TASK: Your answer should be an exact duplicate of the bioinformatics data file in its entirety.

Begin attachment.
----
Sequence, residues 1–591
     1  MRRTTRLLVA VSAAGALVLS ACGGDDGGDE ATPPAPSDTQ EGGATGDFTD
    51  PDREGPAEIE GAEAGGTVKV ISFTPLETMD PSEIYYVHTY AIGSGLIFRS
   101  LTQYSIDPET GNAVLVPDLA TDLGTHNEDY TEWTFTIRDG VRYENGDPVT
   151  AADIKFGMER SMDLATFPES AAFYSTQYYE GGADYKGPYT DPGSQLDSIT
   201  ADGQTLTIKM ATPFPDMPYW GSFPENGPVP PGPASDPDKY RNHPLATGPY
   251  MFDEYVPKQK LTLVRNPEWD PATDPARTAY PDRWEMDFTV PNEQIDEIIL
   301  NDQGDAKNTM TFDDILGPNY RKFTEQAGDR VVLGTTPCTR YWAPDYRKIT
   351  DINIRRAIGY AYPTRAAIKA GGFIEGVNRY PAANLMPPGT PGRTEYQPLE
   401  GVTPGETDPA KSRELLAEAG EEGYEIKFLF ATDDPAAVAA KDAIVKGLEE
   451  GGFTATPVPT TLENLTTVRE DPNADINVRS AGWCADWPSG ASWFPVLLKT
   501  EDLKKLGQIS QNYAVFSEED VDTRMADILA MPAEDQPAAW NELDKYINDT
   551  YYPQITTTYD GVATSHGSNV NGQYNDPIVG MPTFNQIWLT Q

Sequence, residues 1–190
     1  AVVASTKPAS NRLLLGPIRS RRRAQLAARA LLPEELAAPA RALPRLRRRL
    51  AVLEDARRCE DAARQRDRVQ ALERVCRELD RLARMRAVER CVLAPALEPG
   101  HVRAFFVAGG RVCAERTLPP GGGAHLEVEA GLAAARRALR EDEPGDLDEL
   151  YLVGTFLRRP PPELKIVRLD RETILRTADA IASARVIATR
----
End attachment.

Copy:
Sequence, residues 1–591
     1  MRRTTRLLVA VSAAGALVLS ACGGDDGGDE ATPPAPSDTQ EGGATGDFTD
    51  PDREGPAEIE GAEAGGTVKV ISFTPLETMD PSEIYYVHTY AIGSGLIFRS
   101  LTQYSIDPET GNAVLVPDLA TDLGTHNEDY TEWTFTIRDG VRYENGDPVT
   151  AADIKFGMER SMDLATFPES AAFYSTQYYE GGADYKGPYT DPGSQLDSIT
   201  ADGQTLTIKM ATPFPDMPYW GSFPENGPVP PGPASDPDKY RNHPLATGPY
   251  MFDEYVPKQK LTLVRNPEWD PATDPARTAY PDRWEMDFTV PNEQIDEIIL
   301  NDQGDAKNTM TFDDILGPNY RKFTEQAGDR VVLGTTPCTR YWAPDYRKIT
   351  DINIRRAIGY AYPTRAAIKA GGFIEGVNRY PAANLMPPGT PGRTEYQPLE
   401  GVTPGETDPA KSRELLAEAG EEGYEIKFLF ATDDPAAVAA KDAIVKGLEE
   451  GGFTATPVPT TLENLTTVRE DPNADINVRS AGWCADWPSG ASWFPVLLKT
   501  EDLKKLGQIS QNYAVFSEED VDTRMADILA MPAEDQPAAW NELDKYINDT
   551  YYPQITTTYD GVATSHGSNV NGQYNDPIVG MPTFNQIWLT Q

Sequence, residues 1–190
     1  AVVASTKPAS NRLLLGPIRS RRRAQLAARA LLPEELAAPA RALPRLRRRL
    51  AVLEDARRCE DAARQRDRVQ ALERVCRELD RLARMRAVER CVLAPALEPG
   101  HVRAFFVAGG RVCAERTLPP GGGAHLEVEA GLAAARRALR EDEPGDLDEL
   151  YLVGTFLRRP PPELKIVRLD RETILRTADA IASARVIATR